In his poem “Just ’Fore Christmas,” the poet Eugene Field acknowledged, “Most all the time, the whole year round, there ain’t no flies on me. But jest ’fore Christmas I’m as good as I kin be.”
Well, sure. Aren’t we all.
But as Christmas, now just eight days off, sneaks up on us yet again, it occurs to me from my admittedly biased perch that for many readers who have been around the track a few times, the reward for being good comes not just once a year, but daily in the ritual reading of the morning newspaper, coffee cup at hand.
The Internet and an abundance of new-age communications gadgetry notwithstanding, the morning newspaper gives us our daily jump-start as we contemplate the adage that truth is, indeed, far stranger than fiction. If this is incentive for readers to put a little something extra in the holiday greeting card for the newspaper carrier who has faithfully delivered the paper all year, in fair weather or foul, good on them, as my Canadian friends would say.
It was in the morning paper that we learned of the automobile accident victim who “walked for help, despite a broken nose.” Each time I read the clipping I have a suspicion that the reporter who penned that line would have welcomed an opportunity to have another go at describing the situation.
The morning newspaper tells us of an accused shoplifter nabbed with all manner of items tucked under his clothing, and the mental picture that results is as impressive as his explanation — according to the arresting police officer — that he always travels with such a collection “at this time of year.”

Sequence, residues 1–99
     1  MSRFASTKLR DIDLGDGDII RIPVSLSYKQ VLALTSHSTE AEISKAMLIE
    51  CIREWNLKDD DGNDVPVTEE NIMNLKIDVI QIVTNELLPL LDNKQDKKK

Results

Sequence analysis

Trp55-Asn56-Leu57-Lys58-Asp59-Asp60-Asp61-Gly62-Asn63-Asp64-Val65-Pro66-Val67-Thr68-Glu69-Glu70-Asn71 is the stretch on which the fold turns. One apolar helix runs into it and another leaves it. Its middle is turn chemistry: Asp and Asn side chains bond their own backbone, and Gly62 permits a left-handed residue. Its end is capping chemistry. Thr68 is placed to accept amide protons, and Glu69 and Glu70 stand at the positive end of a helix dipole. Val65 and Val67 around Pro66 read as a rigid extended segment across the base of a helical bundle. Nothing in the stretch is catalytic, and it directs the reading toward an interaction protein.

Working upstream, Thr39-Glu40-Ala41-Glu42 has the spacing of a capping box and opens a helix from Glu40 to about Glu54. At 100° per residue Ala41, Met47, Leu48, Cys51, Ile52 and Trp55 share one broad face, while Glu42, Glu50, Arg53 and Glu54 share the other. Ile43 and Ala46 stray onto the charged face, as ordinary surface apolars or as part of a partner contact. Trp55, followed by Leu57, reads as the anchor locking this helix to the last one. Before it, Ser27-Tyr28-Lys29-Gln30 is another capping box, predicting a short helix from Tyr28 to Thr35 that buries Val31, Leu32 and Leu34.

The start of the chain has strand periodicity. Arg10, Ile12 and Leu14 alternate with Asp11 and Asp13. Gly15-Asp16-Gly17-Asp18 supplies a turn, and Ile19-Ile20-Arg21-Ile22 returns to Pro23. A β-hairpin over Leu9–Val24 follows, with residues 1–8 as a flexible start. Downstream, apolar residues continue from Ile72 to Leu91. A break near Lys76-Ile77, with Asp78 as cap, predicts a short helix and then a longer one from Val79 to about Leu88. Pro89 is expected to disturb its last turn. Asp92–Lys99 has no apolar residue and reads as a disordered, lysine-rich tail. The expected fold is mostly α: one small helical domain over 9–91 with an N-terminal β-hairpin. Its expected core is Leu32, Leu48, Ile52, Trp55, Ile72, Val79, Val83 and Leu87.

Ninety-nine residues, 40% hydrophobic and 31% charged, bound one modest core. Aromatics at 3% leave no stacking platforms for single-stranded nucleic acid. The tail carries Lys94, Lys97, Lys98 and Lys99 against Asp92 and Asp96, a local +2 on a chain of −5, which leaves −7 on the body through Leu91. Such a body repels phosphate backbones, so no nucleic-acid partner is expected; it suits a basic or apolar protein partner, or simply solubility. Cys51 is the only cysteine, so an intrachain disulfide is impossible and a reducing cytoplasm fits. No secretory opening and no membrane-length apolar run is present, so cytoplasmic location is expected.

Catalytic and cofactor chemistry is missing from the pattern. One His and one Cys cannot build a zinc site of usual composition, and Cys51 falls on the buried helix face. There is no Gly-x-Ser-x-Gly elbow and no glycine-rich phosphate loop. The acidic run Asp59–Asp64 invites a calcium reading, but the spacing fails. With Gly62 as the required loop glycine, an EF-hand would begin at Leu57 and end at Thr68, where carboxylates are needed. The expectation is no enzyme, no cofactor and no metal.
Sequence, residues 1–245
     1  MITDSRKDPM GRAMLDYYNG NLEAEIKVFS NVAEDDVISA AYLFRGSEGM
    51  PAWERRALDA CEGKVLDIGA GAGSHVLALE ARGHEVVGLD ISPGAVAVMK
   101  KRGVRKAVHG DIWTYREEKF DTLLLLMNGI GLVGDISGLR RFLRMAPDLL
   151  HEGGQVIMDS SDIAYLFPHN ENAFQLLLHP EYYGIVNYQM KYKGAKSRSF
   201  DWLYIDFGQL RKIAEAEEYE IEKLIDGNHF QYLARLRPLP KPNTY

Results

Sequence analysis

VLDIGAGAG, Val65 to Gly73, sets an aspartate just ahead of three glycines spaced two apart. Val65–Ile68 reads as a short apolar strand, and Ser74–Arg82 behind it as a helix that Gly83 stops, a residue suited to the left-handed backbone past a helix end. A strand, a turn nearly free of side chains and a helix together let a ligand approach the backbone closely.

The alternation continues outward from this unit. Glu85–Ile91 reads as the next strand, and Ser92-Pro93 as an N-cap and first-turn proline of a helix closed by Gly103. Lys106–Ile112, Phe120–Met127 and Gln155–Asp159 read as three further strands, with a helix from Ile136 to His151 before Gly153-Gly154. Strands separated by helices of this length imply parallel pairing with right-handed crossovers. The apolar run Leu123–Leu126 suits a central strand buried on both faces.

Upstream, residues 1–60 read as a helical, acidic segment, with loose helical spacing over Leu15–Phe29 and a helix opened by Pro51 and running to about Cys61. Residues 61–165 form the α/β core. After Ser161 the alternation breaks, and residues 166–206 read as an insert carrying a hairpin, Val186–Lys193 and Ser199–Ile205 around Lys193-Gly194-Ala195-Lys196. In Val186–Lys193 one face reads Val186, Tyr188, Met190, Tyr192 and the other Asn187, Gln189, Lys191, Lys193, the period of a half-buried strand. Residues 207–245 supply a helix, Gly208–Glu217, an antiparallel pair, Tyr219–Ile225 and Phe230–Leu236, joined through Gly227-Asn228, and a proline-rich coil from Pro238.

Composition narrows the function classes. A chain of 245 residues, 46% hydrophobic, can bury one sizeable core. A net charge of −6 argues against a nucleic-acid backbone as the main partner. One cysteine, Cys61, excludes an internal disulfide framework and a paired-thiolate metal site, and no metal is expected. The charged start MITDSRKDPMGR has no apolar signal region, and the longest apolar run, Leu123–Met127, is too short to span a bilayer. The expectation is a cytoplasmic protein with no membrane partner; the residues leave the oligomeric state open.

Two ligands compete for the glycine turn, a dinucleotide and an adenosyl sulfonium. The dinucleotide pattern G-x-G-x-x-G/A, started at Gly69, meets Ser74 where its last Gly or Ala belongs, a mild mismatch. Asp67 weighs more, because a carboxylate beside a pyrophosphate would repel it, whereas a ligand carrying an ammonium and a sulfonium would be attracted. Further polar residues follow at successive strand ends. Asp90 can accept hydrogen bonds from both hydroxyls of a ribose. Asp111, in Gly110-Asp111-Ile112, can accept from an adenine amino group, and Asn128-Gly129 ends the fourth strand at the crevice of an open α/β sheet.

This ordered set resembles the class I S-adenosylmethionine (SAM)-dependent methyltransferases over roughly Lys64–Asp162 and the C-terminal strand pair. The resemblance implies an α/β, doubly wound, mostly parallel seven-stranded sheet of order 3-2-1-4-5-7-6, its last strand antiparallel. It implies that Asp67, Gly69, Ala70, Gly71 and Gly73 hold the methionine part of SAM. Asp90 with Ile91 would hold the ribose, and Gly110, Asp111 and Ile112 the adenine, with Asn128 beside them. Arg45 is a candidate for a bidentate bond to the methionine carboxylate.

When one glances at the other news stories on the page, it becomes easier to understand the man’s asserted practice of venturing forth in this festive season prepared for most any contingency. The reports tell of a stabbing, theft of a wood splitter, bounced checks by a convicted embezzler, a case of illegal possession of drugs, the dramatic rescue of a worker who had become stuck in sand at his workplace and an earthquake in the Blue Hill area measuring 2.3 on the Richter scale.
Opposite this page of Yuletide doom and gloom is a story concerning the theft of tree-length logs from a downstate woodlot.
Peruse that menu and you could be forgiven for concluding that it’s a jungle out there, despite the joys of the Christmas season. Except for the grateful man rescued from the sand, there’s not a gram of holiday cheer in the lot. But that’s the thing about the morning newspaper — we get a little of this and a little of that and we stand a chance of being a bit more informed when we finish reading than when we began.
That being the case, let the record show that I have been “as good as I kin be” for roughly the past six months in anticipation of a big payoff under my politically incorrect Christmas tree. But if a lump of coal should be my lot instead, the daily newspaper arriving in the mail — the gift that keeps on giving — will be reward enough for the commendable behavior.
Radio and television can delight as well as newspapers, of course — especially on those occasions when they inadvertently reassure us that all is well on the Maine linguistic front.
While listening to the truck radio as I was out and about, I heard an interview with a downstate resident who was talking about something that had occurred down in “Alabamer.” I kept hoping the conversation might take a turn where he had to work in “Cuber” and “Coker Coler” or maybe “Arabier,” but it never happened.
No matter. It was a treasured Christmas gift just to be shown that our native tongue survives, at great odds, even in The Other Maine. It’s good to know that, the best efforts of the elocution police notwithstanding, real Mainers will never meet the word ending in “a” that they can’t easily transform into something ending in “r.”
It’s state law. You can look it up over to Auguster.
BDN columnist Kent Ward lives in Limestone. His e-mail address is firstname.lastname@example.org.